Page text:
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The Lesson of Pittsburgh for G-20: Manufacturing Matters

September 23rd, 2009 | James Parks

The revival of Pittsburgh, site of the G-20 summit this week, can provide valuable lessons for the world’s leaders. Among them: Manufacturing matters and poor trade policies hurt everyone.

Pittsburgh, G-20 and the New Economy: Lessons to Learn, Choices to Make,” a report released today by the Campaign for America’s Future (CAF), makes clear that the renaissance of Pittsburgh after the collapse of the steel industry was cut short because of the lack of a national industrial policy and the nation’s trade policies.

During a telephone news conference, CAF Co-Director Robert Borosage said some manufacturing jobs in Pittsburgh were replaced by high-end jobs in education or medicine.

But many were replaced by jobs in hotels and food services—jobs that never paid as well and proved even more vulnerable in the recent downturn. Some manufacturing jobs were never replaced at all. That helps explain why the city’s population is declining, especially among youth, who seek opportunity elsewhere.

That idea was echoed by more than 400 people who marched through the streets of Pittsburgh on Sept. 20 calling for an economic recovery that includes jobs for the unemployed.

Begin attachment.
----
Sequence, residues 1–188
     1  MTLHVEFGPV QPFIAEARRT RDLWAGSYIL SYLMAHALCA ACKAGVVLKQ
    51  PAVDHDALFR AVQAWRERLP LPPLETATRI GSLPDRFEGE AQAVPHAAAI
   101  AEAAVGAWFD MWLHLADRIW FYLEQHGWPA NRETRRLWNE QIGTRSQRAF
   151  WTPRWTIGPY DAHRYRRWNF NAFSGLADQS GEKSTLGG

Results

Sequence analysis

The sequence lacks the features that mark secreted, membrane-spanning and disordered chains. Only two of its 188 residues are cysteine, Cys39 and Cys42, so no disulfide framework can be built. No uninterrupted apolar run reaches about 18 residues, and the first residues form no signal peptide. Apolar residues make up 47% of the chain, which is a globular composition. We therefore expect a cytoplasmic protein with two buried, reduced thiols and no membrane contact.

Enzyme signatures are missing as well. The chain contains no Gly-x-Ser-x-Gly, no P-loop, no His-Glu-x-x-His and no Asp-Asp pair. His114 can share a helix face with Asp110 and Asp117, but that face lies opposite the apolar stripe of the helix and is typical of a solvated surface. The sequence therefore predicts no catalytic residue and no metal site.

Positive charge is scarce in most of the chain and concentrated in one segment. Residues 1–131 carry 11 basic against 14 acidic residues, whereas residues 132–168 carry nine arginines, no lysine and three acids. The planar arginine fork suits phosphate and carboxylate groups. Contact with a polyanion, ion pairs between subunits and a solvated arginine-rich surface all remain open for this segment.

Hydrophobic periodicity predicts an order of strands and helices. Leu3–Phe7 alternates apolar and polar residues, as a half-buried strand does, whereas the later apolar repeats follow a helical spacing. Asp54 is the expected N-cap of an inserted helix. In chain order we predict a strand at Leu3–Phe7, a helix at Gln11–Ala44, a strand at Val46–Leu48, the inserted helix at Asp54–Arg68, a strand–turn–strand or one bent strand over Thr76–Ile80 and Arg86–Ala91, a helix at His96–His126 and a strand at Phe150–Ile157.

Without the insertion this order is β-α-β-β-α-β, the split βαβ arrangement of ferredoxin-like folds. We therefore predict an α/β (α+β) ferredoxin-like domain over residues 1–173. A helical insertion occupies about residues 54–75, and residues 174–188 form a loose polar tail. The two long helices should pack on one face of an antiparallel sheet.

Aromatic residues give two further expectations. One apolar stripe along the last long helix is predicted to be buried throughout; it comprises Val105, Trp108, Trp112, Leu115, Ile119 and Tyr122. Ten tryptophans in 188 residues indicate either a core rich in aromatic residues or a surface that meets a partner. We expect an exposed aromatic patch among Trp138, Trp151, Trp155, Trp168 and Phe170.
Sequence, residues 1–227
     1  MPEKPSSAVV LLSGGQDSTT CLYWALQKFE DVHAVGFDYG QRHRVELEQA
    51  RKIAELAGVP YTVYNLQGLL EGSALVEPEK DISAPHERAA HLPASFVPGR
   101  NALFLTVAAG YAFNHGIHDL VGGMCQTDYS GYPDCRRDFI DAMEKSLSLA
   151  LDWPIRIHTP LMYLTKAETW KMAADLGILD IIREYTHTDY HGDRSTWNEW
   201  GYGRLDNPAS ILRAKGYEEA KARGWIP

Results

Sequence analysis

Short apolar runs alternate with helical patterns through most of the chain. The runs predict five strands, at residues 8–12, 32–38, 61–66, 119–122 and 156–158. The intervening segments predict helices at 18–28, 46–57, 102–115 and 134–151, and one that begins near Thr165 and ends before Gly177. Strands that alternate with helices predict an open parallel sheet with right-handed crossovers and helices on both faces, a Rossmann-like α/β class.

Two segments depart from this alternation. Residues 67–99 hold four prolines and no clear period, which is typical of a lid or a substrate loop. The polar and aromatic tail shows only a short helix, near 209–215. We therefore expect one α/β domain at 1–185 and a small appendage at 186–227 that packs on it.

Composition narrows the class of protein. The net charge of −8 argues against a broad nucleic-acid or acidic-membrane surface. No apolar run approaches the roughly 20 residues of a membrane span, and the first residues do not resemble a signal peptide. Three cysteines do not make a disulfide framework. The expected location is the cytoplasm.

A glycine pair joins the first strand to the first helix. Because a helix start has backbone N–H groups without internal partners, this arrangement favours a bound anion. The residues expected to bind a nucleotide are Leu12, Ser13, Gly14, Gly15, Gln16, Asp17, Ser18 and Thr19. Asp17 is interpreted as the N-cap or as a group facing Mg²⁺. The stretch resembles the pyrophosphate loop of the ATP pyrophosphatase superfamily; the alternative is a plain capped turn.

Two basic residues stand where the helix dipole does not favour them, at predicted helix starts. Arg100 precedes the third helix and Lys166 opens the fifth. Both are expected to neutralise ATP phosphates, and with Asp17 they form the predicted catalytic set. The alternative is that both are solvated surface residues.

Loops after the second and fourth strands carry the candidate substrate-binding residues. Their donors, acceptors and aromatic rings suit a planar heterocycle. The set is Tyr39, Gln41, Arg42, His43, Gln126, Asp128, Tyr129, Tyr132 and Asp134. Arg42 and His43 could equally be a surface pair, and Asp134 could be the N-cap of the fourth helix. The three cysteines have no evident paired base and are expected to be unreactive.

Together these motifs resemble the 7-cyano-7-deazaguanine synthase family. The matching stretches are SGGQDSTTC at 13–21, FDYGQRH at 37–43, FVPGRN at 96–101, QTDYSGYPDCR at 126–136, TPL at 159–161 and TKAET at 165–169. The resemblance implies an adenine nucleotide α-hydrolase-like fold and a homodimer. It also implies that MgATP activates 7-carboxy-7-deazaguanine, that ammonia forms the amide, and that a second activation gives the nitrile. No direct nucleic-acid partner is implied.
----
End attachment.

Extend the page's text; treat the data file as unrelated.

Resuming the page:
The march set out from a local church where some 25 people slept overnight in tents to symbolize the poverty that lies behind the glitz of the renewed downtown Pittsburgh.

During the news conference today, Sen. Sherrod Brown (D-Ohio) said trade policies were at the core of the steel industry decline. He praised President Obama’s recent decision to provide relief to the domestic consumer tire industry in response to surging tire exports from China.

Obama’s action was significant, Brown said, because it is the first time a president has really enforced trade rules. He said he hopes it leads to even more complaints as U.S. industries see that their government cares about fair trade.

Brown added that the country “cannot tolerate” trade policies that spawn low wages and allow illegal trade subsidies in China and other countries to decimate our economy.

Economist Jeff Madrick of the New School’s Schwartz Center for Economic Policy Analysis, said the nation’s manufacturing sector has been the victim of deliberate neglect by policymakers. It is clear, he said, that union manufacturing jobs pay better wages and have more benefits than service jobs.

The G-20 summit is a perfect time for U.S. officials to take a hard look at what has happened to workers over the past decades. For example, the median wage for males is less today than it was in the 1970s when you take inflation into account. And workers’ wages have not kept up with productivity for 25 years.

We need new policies to stimulate manufacturing. This [decline] has gone on too long.

The report specifically proposes an industrial policy that promotes manufacturing. Eric Lotke, author of the report, writes:

We need to dispel the notion that America has moved beyond the production of goods. From cars to computers to refrigerators, a country needs things. If we don’t make those things here, then someone else gets our money.